Subversion, by Sarah Carleton
Dogma plods on page after page
while at the edges, a rabbit riding a snail-unicycle hurls a spear,
another rabbit plucks a lyre, and a giant hare beheads a prisoner.
The medieval margins teem with bunnies.
There’s one poking a gargoyle in the ass with a stick
and another sword-fighting on the back of a lion.
Wide-eyed bunny balances on a high-wire vine
alongside an armored knight.
This little rabbit goes to market
with a basket of hounds on his back;
this little rabbit stays home
and plays a kidney-shaped bagpipe.
This one harnesses a dog and takes it for a gallop,
a snail perched on his gauntlet-clad paw.
There’s a human-sized hare with a stick over his shoulder
like a cartoon runaway,
a man hanging from the end instead of a rag bundle.
Another big-eared brute pulls buns from an oven with a peel.
Atop a scored-grass turquoise hill, two rapt rabbits scheme,
their black arms gesticulating, calibrating the ratio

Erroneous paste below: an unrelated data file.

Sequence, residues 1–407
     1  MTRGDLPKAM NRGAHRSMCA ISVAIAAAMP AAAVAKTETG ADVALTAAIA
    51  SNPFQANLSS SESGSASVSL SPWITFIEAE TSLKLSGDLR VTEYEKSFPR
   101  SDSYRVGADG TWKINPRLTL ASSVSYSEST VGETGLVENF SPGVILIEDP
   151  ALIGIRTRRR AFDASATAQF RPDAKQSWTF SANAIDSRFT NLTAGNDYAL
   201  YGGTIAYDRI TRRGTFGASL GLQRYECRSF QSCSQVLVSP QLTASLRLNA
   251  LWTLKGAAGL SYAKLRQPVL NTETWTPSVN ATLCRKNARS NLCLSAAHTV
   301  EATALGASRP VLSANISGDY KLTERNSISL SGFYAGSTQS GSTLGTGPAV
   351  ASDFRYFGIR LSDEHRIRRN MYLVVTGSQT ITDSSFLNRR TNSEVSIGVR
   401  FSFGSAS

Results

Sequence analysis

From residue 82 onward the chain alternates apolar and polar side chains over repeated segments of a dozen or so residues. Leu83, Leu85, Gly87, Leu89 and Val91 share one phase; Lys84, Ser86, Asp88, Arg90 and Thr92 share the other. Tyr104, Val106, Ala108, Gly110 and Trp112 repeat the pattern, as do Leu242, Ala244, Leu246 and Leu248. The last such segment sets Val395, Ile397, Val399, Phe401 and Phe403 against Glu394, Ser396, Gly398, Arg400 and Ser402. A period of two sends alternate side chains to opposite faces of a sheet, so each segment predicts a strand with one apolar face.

of pinheads to angels. Meanwhile, beneath them,
the breeders bound and burrow and riddle the mound with holes.
Sarah Carleton writes poetry, edits fiction, plays the banjo and raises her son in Tampa, Florida. Her poems have appeared in many publications, including Houseboat, Poetry Quarterly, Bijou, Off the Coast, Shark Reef, Wild Violet, The Binnacle, Cider Press Review, Nimrod, Ekphrastic, Chattahoochee Review, Kindred, Spillway, Tar River Poetry and Crab Orchard Review.
7/24/2017 09:35:34 am
Wonderful details. Thank you for this one.
9/14/2017 12:31:26 am
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